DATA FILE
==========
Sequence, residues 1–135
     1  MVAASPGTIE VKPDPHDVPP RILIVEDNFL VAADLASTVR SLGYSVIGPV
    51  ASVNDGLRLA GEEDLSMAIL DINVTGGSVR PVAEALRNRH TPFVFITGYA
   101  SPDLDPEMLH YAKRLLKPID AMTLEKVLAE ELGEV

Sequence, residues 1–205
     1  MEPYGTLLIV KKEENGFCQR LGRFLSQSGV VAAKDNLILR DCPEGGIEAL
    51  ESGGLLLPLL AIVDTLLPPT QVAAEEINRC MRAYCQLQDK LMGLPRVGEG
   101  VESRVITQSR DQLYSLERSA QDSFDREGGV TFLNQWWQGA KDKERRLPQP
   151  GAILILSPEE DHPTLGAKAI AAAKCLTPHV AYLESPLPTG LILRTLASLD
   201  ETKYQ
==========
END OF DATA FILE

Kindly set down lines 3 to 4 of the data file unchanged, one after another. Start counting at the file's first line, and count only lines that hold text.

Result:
    51  ASVNDGLRLA GEEDLSMAIL DINVTGGSVR PVAEALRNRH TPFVFITGYA
   101  SPDLDPEMLH YAKRLLKPID AMTLEKVLAE ELGEV